If you are at the site of a road accident, you can help the victim even before the ambulance arrives.
Just keep the ‘ABC’ in mind – clear the airway, restore breathing and restore proper circulation by stopping bleeding.
“But, before starting the ABC, the person must check whether the victim has suffered any neck or spine injury. If there is any evidence of such injury, the patient must not be moved at all,” said Dr Yatin Mehta, chairman, institute of critical care & anaesthesiology, Medanta-The Medicity.
Next, bleeding needs to be controlled using pressure. “If there is no pulse, the person can be given a CPR (cardio-pulmonary resuscitation), if the bystander is trained in it,” Dr Mehta said.
The bystander must ensure the victim is taken to the nearby hospital, as early as possible, within the first hour of the accident - called the ‘Golden Hour’, when chances of saving a life are maximum.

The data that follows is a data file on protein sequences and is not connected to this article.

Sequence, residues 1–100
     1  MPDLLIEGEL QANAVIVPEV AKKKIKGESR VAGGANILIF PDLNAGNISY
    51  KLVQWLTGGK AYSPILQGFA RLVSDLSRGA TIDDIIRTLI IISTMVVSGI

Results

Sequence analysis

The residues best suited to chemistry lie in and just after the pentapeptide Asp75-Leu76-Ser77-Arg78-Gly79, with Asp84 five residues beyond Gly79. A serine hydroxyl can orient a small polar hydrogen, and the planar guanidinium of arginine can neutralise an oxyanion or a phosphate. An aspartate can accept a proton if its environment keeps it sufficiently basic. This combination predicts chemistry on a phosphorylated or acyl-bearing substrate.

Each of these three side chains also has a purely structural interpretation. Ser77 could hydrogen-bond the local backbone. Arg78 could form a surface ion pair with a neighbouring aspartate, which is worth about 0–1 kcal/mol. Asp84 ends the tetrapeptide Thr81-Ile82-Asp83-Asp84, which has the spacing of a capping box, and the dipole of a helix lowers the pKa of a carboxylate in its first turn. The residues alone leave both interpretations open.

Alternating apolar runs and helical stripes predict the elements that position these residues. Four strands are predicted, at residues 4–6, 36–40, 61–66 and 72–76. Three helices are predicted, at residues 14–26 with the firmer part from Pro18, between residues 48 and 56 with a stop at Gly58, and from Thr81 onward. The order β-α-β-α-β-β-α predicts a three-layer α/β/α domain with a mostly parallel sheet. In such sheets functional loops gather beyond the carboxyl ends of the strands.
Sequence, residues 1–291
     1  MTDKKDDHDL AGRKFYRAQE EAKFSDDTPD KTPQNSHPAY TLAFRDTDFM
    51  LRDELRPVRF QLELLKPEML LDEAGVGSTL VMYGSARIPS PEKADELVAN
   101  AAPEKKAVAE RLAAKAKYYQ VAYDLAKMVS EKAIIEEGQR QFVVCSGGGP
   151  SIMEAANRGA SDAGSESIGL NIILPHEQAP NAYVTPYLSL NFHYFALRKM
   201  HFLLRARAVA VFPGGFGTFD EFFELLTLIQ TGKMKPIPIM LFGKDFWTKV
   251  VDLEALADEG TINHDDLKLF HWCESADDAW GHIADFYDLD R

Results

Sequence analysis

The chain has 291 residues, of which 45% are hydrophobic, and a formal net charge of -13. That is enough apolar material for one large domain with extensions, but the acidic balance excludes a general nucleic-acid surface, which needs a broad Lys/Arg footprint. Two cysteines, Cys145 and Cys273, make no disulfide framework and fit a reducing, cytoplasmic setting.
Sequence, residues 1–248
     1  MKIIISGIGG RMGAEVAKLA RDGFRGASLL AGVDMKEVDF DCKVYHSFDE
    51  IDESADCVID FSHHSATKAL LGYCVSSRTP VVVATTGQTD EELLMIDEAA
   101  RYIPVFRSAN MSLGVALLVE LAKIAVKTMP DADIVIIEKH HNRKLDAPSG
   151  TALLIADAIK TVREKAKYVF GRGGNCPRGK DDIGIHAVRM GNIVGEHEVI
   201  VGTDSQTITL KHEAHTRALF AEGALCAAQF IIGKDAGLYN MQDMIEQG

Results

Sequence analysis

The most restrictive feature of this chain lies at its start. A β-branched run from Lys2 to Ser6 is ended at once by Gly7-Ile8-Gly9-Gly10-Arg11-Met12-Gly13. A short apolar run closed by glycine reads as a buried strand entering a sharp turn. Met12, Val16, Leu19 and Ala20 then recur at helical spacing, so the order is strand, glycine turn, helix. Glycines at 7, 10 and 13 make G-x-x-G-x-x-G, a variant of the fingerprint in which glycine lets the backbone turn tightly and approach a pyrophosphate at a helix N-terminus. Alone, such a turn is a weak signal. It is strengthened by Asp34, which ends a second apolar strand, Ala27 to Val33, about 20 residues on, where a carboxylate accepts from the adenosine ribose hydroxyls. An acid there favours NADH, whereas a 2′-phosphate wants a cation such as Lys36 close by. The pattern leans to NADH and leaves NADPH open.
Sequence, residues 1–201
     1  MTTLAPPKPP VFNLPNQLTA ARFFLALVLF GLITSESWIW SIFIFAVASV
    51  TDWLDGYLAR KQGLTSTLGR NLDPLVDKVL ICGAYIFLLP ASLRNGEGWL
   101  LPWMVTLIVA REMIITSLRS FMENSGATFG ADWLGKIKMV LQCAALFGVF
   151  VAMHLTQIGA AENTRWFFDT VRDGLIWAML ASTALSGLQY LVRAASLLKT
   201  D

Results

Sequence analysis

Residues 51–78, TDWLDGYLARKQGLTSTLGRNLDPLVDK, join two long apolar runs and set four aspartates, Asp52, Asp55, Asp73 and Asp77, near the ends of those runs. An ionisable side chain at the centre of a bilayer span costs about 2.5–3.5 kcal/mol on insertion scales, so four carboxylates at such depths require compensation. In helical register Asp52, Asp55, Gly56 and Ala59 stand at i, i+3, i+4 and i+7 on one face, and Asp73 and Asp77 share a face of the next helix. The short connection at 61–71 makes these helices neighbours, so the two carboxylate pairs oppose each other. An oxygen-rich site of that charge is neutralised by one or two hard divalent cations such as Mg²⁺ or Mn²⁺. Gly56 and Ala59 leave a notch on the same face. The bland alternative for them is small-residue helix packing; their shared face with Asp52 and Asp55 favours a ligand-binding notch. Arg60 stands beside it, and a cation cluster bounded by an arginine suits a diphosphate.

“Every year at trauma centre, we operate around 900 – 1,000 spine surgeries and 1,500 head injury cases, 70% of these are road traffic accident victims,” said Dr Sumit Sinha, associate professor, department of neurosurgery at Jai Prakash Narayan Apex Trauma Centre, AIIMS.
But if the ambulance takes too long to respond, the bystander can take the victim to the hospital after following some precautions.
“The most important thing to ensure is that there is no movement in the head or spine, because if the injured spine is moved, it might result in permanent paralysis,” said Dr Sinha. A belt may be used to tie the head in place.
According to a Centre for Science and Environment (CSE) report, Delhi has the highest number of fatal road accidents in India, with an average of five people losing their lives daily. Of the total 1,41,526 road accident which happened in India in 2014, 8310 were in Delhi, according to the National Crime Records Bureau data.